ZedYX/R version 3 happened when the TV station received the new stationmaster antennas for the new Motorola system. Once again, about the same conversation happened with my boss, and once again, I volunteered to grab the stuff off Cannon. This trip provided me with a real repeater antenna, a 20-foot long +/- white fuzzy fiberglass wonder stick. Fuzzy because it had been subjected to the extreme weather conditions on Cannon for a few years, and sleet blowing across any surface at sometimes over 100 MPH is very similar to sandblasting. After a little research, I found a nice glossy white paint to get rid of the fuzz and seal the antenna before subjecting it to more years of nasty weather on a tower just North of Keene.

    Something else that was desperately needed was some decent feedline to replace the 9913 I had been using up to now. I came across a real sweet deal in the "Yellow Sheets" - remember those? - Which produced a little over 400 feet of 7/8 Heliax.

    Soon after the reel of cable arrived by truck, and having some galvanized side mount brackets for the antenna made, an antenna raising party was assembled. I think there were 5 or 6 of us, with three on the tower. I had to get a ton of stainless clamps for the cable, connectors for the feedline at almost $60 bucks a pop and tow line and pulleys to rig the tower with and a multitude of other stuff to make this all happen. It was an all day project to get the stationmaster about 360 feet up the tower, but boy was it worth it! The other 40 or so feet of cable was needed to get from the base of the tower to the repeater inside my office. When the repeater end of the cable had its connector finally installed and connected to the repeater and then turned on, what a difference. We could officially say there WAS a presence on UHF in Keene now. We were amazed at the coverage we now had. We knew it would be good, and we were really pleasantly surprised.

    Version 4 came a couple years later when the TV station was having some serious tower work done to strengthen it for some new renters. WKNE FM was moving onto our tower, as was CellOne with a cell phone site. Over the previous years I got to know the tower crews quite well, and worked well with them, so while they were doing stuff near the top of the tower, I asked if they had a few minutes if they'd hang a new antenna up at the top for me. I forgot to mention earlier, that I had acquired a couple of those long white things. I didn't need them to haul cable up, I just wanted it mounted for now, I'd get it hooked up one way or another later on. So off I went to get another set of galvanized mounts made. A couple days later, and I had a stationmaster at the TOP of the tower, almost another 100 feet higher. That stayed that way for several weeks until we came up with a short run of 7/8 to join with what was already in place. Buzz - WA1NHP found a chunk of feedline and scrambled up the tower to mount that. This change again produced outstanding results. The pattern changed a little and coverage was improved again.

    I believe that version 5 happened after the birth of ZedYX/R #2 and 3, over on Saddleback Mtn and up on Cannon Mtn. Version 5 was the addition of links to the other repeaters. They weren't used too much, and only a very limited amount of stations had the controls to turn them on. There were a few things that you needed to be aware of, and I never felt comfortable letting the codes out into the general ham population. NHOEM loved it though, because the 3 repeaters linked provided almost statewide communications.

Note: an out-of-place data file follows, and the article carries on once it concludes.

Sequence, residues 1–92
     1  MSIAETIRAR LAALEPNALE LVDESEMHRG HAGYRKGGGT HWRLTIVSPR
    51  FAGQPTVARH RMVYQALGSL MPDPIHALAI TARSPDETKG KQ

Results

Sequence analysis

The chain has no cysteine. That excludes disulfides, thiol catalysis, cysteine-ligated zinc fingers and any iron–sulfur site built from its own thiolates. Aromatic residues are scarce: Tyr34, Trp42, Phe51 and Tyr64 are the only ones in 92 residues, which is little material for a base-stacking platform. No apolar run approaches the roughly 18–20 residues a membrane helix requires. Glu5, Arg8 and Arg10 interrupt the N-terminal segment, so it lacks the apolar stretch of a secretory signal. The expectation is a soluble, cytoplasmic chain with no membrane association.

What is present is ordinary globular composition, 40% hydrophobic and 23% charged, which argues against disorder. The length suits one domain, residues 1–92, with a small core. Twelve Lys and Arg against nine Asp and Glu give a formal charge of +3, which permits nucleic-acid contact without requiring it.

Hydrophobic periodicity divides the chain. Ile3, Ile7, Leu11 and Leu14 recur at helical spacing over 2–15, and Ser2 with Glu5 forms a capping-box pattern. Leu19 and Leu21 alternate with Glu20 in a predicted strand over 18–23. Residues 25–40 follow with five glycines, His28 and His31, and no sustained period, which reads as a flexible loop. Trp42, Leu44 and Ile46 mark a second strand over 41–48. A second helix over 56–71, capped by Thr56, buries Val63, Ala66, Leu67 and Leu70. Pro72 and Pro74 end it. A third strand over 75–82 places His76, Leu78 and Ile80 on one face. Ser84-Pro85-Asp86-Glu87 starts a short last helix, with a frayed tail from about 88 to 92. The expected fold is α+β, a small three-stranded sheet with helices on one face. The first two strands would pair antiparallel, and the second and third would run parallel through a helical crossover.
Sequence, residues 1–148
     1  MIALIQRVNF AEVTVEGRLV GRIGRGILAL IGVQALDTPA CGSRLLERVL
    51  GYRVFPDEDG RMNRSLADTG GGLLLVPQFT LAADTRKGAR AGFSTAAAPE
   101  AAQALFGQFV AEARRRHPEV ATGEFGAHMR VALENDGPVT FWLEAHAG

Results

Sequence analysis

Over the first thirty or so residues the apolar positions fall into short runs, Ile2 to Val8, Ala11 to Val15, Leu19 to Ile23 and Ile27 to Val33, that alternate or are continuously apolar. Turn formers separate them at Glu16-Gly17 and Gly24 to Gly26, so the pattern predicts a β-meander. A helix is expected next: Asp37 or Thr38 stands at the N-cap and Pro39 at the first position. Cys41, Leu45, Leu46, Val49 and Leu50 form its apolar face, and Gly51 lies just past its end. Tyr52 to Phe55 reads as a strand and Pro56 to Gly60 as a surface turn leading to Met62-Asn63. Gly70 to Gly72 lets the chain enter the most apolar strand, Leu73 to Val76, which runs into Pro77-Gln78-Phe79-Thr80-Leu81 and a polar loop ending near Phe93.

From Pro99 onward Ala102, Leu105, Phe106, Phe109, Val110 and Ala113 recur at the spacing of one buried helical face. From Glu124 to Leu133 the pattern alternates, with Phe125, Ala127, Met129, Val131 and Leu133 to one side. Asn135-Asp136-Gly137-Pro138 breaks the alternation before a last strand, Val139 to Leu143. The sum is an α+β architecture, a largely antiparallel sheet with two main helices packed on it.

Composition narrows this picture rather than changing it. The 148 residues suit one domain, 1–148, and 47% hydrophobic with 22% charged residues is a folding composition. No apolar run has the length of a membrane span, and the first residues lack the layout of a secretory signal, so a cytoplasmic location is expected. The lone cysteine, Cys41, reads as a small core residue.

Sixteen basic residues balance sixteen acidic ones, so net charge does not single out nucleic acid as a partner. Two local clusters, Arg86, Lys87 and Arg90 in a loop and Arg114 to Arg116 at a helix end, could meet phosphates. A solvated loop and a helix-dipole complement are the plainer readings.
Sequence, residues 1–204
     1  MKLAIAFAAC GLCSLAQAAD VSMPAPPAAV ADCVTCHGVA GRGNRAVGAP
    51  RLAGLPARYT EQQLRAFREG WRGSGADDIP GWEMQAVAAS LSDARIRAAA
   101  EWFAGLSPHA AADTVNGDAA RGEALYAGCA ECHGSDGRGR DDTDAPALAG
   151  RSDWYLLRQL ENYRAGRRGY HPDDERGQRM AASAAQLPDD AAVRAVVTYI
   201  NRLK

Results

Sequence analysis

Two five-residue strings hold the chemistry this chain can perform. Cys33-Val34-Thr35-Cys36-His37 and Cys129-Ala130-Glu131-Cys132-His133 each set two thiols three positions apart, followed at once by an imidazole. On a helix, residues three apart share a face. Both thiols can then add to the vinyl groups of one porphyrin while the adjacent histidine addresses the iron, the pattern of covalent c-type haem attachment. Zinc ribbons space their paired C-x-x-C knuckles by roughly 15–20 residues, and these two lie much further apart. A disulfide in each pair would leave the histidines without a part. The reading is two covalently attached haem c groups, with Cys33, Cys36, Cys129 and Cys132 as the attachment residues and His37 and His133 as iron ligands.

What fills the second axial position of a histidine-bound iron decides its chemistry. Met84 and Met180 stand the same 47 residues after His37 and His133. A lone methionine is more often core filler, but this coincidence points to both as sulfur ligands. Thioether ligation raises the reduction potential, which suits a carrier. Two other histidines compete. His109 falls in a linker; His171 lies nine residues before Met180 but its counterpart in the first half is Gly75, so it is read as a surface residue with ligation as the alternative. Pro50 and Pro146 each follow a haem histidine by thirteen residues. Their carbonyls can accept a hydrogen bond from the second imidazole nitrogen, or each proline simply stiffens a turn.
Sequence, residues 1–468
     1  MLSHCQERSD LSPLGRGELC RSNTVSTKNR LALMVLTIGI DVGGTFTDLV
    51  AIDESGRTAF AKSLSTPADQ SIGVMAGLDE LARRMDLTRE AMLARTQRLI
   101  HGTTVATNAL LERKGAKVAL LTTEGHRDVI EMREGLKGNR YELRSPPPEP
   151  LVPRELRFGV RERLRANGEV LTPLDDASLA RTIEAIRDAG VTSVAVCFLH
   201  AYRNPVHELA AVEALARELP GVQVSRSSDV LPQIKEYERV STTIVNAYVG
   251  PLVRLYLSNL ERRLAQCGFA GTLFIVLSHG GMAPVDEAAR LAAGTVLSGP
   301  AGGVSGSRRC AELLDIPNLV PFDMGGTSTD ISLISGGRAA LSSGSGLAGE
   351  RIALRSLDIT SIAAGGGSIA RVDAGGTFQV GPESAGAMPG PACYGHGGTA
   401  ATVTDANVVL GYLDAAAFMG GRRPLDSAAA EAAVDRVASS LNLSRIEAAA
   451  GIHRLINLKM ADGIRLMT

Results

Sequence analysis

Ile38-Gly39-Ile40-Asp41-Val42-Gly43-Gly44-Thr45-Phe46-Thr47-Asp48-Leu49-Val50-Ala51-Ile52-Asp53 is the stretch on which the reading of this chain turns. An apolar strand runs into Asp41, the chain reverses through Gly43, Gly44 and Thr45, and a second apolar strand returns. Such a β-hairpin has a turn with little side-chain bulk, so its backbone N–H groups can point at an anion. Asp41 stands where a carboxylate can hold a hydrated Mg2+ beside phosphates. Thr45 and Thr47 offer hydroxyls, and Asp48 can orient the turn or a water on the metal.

Over time, the good 'old GE Mastr Pro became pretty finicky. It needed lots of TLC, the final tubes had been replaced a couple times and they were getting harder and harder to find. I was using other mobile strips for parts and it was just getting tired. After all, the Mastr had been living on Cannon Mtn since about 1970 give or take, so it was old enough to vote when it went into Amateur Radio service. A much heavier duty then the commercial life it had been living. That's when version 6 happened. Another friend of mine had this beautiful 75 watt solid state Motorola Micor repeater in a 5 foot cabinet just begging for a home. I little wheeling and dealing later, and the Micor was headed for Keene. This repeater was configured as a Medical repeater, so it was in the high 460 range. About 20 megs higher than where I needed it. I did have the service manuals and I knew another friend that had modified Motorola's before and had access to the parts needed for conversion so I made arraignments with him to get it going after I had ordered and installed the crystals - remember those? The repeater was working just fine in its current configuration, so there wasn't much sense in waiting for it to be brought down into the ham band before putting the controller on it. So that's what I did in the few weeks while I waited for the crystals to arrive from ICM.
The parts came and he did a great job getting it modified. I got it back to the site, plugged in the controller and it was pretty much plug & play. It worked great - in fact, it still is. Eventually, the links disappeared because I needed an antenna or two that were used for the links on Packet.

    This brings us now to version 7, the replacement of the 5K controller with the new 7K controller. The very idea of replacing the controller actually really began quite a while ago. I just wasn't too serious about it. However, as time rolled on, and donations rolled in (Thanks everybody!), and conversations happened that mentioned the links, I figured it was time to really move on this project - as if I needed another project. I have been in contact with the people at S-Com via E-Mail for quite a while, and in fact have been working on a project for their website for a while. Anyway, as it turns out, one of the main guys there, Dave, WA1JHK is from Nashua, so he's quite familiar where Keene is, and mentioned spending some time during the summers on Spofford Lake. Customer support and correspondence is nothing short of fantastic! I finally ordered the new S-Com 7K, minus an auto-patch board, because I'm already running a secondary controller for the "patch" which so far, seems to play just fine. It's just not too fancy.